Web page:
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Waking Up to Problem of Drowsy Driving

Tennessee auto accident lawyers offer expert advice regarding drowsy and distracted driving.

A few yawns and a head nod or two might be part of your typical morning drive to work, but did you know that drowsy driving can drastically affect your driving ability and response time?

Although driving while you're tired may not seem like a big deal, it can quickly turn into a very serious, and sometimes fatal, situation.

business man yowning while driving

The National Sleep Foundation (NSF) did a poll in 2005 that found:

60% of adult drivers – about 168 million people – say they have driven a vehicle while feeling drowsy in the past year, and more than one-third, (37% or 103 million people), have actually fallen asleep at the wheel! In fact, of those who have nodded off, 13% say they have done so at least once a month. Four percent – approximately eleven million drivers – admit they have had an accident or near accident because they dozed off or were too tired to drive.

Anyone can be a victim of drowsy driving, but one of the problems is that it's hard for us to accurately gauge when we're too tired to drive. We often feel like we're ok, still able to focus, and don't need to take a break when really, we should. We often don't even realize we're beginning to fall asleep until it's too late.

An article from Psychology Today explains, "The initial phase of sleep, Stage 1, is actually a transitional period between sleep and waking. You can be in Stage 1 sleep and feel as though you've been awake. But during this phase, brain waves are slowing, and the body is relaxing in preparation for deeper sleep."

Anyone Can Be a Drowsy Driver

Although anyone can be susceptible to driving drowsy, research shows that those at the greatest risk are:

  • People who get 5 hours of sleep a night or less

  • Young male drivers (ages 17-23)

  • Adults with children in their household

  • Shift workers and commercial truck drivers
  • People with sleep disorders (especially those who are untreated)

  • People that take medication that causes drowsiness

Dangers of Drowsy Driving

Many people would quickly agree that distracted driving is extremely dangerous, but most don't realize that drowsy driving can be just as dangerous. The National Highway Traffic Safety Administration (NHTSA) reported that "Between 2005 and 2009 there was an estimated average of 83,000 crashes each year related to drowsy driving. This annual average includes almost 886 fatal crashes (2.5% of all fatal crashes), an estimated 37,000 injury crashes, and an estimated 45,000 property damage only crashes." And these numbers are likely far from accurate because drowsy driving can often be difficult to determine as the cause of an accident.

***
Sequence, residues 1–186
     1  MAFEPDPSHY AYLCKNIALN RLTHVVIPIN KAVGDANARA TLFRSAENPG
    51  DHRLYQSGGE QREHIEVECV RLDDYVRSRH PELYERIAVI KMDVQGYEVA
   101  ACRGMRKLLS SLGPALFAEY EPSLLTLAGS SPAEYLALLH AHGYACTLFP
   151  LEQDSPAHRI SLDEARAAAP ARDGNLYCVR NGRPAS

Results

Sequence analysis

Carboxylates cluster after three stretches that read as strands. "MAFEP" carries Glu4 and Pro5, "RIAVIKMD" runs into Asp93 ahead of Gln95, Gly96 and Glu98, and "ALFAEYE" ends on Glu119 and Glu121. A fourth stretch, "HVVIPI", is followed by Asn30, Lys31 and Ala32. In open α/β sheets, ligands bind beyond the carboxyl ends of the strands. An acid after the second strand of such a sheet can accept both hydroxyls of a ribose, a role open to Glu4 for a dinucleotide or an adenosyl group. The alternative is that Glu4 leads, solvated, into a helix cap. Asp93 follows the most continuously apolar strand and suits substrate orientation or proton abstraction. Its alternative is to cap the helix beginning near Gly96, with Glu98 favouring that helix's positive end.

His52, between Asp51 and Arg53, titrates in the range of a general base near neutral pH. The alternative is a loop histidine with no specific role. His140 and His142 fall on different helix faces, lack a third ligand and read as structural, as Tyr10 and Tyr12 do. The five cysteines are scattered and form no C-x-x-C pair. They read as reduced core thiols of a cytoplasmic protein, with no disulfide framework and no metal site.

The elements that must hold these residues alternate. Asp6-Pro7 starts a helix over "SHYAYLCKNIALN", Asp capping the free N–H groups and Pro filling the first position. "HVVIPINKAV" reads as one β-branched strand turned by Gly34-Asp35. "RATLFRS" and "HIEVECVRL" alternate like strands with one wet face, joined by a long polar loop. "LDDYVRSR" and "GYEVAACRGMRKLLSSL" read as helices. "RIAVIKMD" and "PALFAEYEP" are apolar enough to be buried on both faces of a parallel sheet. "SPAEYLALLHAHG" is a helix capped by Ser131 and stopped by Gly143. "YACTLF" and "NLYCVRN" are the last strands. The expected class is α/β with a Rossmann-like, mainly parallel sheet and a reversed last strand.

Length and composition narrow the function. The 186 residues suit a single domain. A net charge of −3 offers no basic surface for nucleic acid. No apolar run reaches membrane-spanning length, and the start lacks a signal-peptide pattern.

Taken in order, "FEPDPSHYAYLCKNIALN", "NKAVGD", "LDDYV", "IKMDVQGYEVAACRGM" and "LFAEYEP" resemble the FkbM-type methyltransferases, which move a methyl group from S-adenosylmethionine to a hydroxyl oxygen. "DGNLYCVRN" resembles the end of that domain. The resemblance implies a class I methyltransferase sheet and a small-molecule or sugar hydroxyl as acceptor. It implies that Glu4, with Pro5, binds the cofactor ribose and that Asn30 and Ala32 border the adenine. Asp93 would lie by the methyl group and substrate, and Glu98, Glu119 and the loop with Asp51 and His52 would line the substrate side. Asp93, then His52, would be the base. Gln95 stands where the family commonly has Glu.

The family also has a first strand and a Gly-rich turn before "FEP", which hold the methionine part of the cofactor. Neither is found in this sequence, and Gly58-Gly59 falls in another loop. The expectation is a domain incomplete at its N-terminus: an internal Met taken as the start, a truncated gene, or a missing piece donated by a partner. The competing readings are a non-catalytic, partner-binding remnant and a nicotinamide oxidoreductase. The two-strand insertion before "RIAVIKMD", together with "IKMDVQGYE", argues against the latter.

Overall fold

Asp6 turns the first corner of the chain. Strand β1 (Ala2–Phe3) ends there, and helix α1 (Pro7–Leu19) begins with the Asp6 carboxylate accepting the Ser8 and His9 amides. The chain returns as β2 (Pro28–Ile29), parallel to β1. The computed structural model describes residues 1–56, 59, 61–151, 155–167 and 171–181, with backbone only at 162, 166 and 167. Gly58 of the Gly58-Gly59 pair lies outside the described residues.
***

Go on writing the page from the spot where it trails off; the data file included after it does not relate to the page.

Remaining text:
The best way to avoid drowsy driving is to regularly get enough sleep – at least 6 hours, but 8 or more is ideal – especially if you have a long road trip ahead. Also, avoid drinking alcohol if you're going to be driving soon after consumption.

Even though you may not be drunk, a small amount of alcohol can make you sleepy and impair your driving. Drinking coffee, sodas, or energy drinks can give a temporary boost of energy, but ultimately, these pick-me-ups may be more detrimental. They tend to give you a false sense of alertness that makes you feel more awake than you actually are.

If you feel like you're getting drowsy while driving, the best thing to do is stop somewhere safe, take a 20-minute nap, and drink a cup of coffee. It's much better to take longer to get where you're going than to end up in a potentially terrible accident.

If you've been involved in an accident with a drowsy driver, call one of our personal injury lawyers for a free consultation. For more information on automobile accidents and how to stay safe on the road, read how to avoid distracted driving.

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